*Steven Pemberton
CWI, Amsterdam*

I was asked what an Eight Queens program would look like in ABC. The problem is: can you put eight queens on an (8 by 8) chess board board in such a way that they cannot take each other. A queen can take by moving vertically, horizontally or diagonally.

My first version was a fairly traditional version – for
instance see E.W. Dijkstra's version in the book *Structured
Programming* – although of course, I immediately generalised it to any
number of queens:

HOW TO QUEENS n: DISPLAY n filled {}

The command *DISPLAY* just displays the
board, which is represented as a table whose keys are the row numbers (1 to n),
and whose items are the column number of the piece for that row:

HOW TO DISPLAY board: IF board = {}: WRITE "No solution" / FOR p IN board: WRITE "# "^^(p-1), "O " WRITE "# "^^(#board - p) /

The work of finding a solution for the problem is done by the
function *filled* . If the board is already of size n then
an answer has already been found. Otherwise, a piece is added for the next row:
each possible piece is tried, and if one is found that is 'safe'– it can't be
taken by any of the other queens on the board – it is placed on the board (by
*board'* ), and *filled* is called to
fill the next row. If the result of that call is successful, then that result
is returned, otherwise the next piece for the current row is tried. If no piece
is found, then the empty board is returned, to indicate failure.

The check for safeness uses properties of row and column numbers to see if a position is being attacked.

The function uses backtracking and the fact that ABC functions can't produce side-effects. See my article Backtracking in B in the ABC Newsletter 5 for more details about backtracking in ABC.

HOW TO RETURN n filled board: IF #board = n: RETURN board FOR p IN {1..n}: IF safe: PUT n filled board' IN new IF new <> {}: RETURN new RETURN {} safe: REPORT col AND left AND right col: REPORT p not.in board left: REPORT NO r IN keys board HAS r+board[r] = #board+1+p right: REPORT NO r IN keys board HAS r-board[r] = #board+1-p board': PUT p IN board[#board+1] RETURN board

>>> QUEENS 8 O # # # # # # # # # # # O # # # # # # # # # # O # # # # # O # # # # O # # # # # # # # # # # O # # O # # # # # # # # # O # # # #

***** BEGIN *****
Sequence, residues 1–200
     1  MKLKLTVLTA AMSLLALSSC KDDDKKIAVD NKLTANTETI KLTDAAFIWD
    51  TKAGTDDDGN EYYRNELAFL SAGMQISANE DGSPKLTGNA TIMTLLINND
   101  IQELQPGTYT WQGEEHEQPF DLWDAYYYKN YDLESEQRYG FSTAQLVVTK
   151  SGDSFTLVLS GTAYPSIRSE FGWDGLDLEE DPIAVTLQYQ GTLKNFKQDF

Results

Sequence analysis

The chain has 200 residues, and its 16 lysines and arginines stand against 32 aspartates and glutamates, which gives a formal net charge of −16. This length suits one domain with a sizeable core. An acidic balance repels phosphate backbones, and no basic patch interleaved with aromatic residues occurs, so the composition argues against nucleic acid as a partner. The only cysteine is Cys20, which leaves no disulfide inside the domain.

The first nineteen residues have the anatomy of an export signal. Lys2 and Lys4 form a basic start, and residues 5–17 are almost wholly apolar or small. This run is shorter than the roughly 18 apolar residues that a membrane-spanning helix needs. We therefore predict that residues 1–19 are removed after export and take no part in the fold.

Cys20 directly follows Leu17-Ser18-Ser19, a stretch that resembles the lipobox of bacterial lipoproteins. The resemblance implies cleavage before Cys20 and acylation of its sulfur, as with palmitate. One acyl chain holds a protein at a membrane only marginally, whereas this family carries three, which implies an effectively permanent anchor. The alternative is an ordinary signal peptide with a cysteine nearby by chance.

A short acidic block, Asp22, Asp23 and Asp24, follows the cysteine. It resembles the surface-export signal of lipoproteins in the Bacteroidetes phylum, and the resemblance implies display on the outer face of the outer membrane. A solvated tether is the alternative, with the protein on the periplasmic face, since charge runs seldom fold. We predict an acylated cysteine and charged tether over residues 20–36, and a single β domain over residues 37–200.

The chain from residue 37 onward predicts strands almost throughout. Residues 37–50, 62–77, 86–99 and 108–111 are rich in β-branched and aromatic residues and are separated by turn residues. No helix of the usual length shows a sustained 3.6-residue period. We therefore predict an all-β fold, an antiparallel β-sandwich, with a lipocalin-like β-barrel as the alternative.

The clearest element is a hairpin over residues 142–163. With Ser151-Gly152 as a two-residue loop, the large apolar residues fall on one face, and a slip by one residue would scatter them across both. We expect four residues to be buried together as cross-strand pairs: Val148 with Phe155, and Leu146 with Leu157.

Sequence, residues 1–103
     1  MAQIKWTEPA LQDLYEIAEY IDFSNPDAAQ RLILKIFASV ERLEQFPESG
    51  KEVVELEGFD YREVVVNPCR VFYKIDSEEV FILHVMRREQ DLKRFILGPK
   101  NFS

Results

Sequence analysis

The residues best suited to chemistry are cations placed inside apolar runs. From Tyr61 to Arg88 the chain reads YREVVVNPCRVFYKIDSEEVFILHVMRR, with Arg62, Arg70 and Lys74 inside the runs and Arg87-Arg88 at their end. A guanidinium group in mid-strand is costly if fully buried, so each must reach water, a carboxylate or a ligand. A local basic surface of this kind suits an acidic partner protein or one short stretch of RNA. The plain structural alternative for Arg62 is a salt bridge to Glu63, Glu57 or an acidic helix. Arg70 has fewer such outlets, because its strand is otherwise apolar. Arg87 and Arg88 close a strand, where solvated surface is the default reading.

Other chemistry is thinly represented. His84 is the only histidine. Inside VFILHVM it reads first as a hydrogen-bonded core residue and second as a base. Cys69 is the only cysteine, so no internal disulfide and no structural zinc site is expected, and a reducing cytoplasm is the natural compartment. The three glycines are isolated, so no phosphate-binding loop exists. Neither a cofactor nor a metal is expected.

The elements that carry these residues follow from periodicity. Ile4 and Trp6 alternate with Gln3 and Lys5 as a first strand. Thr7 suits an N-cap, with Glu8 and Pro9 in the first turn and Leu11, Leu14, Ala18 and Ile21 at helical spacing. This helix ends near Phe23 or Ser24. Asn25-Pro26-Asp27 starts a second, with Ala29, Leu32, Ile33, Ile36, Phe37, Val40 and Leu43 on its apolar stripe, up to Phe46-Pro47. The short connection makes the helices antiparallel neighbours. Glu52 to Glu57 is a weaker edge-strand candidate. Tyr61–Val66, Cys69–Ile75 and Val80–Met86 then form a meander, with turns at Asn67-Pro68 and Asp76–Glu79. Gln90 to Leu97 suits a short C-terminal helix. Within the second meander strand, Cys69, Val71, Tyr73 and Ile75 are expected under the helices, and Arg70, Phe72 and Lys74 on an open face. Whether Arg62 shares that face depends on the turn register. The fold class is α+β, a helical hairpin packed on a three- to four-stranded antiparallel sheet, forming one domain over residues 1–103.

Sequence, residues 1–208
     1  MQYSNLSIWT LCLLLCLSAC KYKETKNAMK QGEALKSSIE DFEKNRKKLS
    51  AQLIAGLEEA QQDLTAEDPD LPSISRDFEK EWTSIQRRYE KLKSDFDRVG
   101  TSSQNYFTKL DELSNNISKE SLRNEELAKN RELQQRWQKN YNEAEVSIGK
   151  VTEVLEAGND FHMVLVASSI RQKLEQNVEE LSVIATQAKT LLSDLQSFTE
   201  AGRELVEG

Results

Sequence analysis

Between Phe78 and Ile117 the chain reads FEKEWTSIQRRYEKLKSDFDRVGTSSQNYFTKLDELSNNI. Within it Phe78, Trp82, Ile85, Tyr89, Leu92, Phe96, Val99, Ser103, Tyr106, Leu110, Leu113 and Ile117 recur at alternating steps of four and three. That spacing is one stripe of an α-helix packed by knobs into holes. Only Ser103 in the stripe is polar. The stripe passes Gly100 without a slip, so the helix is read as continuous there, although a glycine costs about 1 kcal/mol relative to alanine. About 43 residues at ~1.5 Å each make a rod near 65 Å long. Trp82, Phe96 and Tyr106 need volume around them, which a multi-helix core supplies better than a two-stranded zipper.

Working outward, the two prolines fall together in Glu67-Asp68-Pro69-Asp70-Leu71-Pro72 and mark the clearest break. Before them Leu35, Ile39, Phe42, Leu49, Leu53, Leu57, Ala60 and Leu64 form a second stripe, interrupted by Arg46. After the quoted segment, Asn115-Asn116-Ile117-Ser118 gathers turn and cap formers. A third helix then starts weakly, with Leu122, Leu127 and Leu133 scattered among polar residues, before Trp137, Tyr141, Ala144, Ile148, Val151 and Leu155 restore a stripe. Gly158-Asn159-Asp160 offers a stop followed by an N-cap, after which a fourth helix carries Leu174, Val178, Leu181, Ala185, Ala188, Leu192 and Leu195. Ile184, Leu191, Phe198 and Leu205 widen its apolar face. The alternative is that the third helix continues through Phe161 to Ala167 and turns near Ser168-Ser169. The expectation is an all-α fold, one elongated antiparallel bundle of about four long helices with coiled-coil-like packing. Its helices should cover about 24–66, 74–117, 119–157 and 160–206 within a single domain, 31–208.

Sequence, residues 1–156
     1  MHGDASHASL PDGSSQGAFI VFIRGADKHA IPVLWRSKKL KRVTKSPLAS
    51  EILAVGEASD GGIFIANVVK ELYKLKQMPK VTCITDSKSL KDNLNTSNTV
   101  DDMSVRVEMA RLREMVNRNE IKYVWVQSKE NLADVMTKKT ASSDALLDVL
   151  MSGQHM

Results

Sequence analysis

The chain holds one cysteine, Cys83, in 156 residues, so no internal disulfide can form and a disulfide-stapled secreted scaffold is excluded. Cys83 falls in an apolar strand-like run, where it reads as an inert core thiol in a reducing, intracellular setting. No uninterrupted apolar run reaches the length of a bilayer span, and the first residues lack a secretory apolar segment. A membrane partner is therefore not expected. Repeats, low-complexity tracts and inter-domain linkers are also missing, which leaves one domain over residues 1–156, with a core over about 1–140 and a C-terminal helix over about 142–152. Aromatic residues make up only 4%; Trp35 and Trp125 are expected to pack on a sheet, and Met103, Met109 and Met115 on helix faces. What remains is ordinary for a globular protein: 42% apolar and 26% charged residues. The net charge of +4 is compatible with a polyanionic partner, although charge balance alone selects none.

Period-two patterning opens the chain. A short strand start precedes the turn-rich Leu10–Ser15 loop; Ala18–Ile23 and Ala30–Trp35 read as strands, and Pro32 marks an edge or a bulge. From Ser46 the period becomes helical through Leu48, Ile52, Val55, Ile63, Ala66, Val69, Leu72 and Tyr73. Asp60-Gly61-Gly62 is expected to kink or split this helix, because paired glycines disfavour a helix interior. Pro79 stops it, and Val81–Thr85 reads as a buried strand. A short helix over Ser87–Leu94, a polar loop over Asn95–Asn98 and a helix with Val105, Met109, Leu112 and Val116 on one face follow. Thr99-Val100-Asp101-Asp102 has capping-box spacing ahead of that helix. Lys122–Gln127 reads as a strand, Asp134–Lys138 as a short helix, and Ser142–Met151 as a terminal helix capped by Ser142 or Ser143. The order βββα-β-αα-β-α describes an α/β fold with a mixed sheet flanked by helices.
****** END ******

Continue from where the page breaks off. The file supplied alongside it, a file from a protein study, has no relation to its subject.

However, I also decided to try a more direct solution, by simulating what you would do by hand more closely. Here the board is again a table with the row number as key, but with a list of numbers as items. These numbers represent which positions on the current row are not being attacked. So you start out with a full board, which must then be emptied:

HOW TO QUEENS' n: PUT {} IN board FOR i IN {1..n}: PUT {1..n} IN board[i] DISPLAY' 1 emptied board

HOW TO DISPLAY' board: IF board = {}: WRITE "No solution" / FOR row IN board: CHECK #row = 1 PUT min row IN p WRITE "# "^^(p-1), "O " WRITE "# "^^(#board - p) /

The work is done by the function *emptied*.
You no longer have to check if a piece is safe or not: for each row you have
just the list of safe pieces available. When you choose a piece, all the
positions that are attacked by this piece are then removed from the board, and
the next row is tried.

HOW TO RETURN n emptied board: IF n > #board: RETURN board FOR p IN board[n]: PUT (n+1) emptied board' IN new IF new <> {}: RETURN new RETURN {} board': PUT {p} IN board[n] FOR row IN {n+1..#board}: PUT board[row] less {p; p+(row-n); p-(row-n)} IN board[row] RETURN board

This uses a small function to return the difference between two lists:

HOW TO RETURN l1 less l2: FOR i IN l2: IF i in l1: REMOVE i FROM l1 RETURN l1

>>> QUEENS' 8 O # # # # # # # # # # # O # # # # # # # # # # O # # # # # O # # # # O # # # # # # # # # # # O # # O # # # # # # # # # O # # # #

>>> QUEENS' 11 O # # # # # # # # # # # # O # # # # # # # # # # # # O # # # # # # # # # # # # O # # # # # # # # # # # # O # # # # # # # # # # # # O # O # # # # # # # # # # # # O # # # # # # # # # # # # O # # # # # # # # # # # # O # # # # # # # # # # # # O #

As it turns out, this version runs faster than the first version. The reason for this is that you have to search much less to find a candidate piece for a row, and when you reach a row where all positions are attacked, you know it immediately, without having to check each position separately.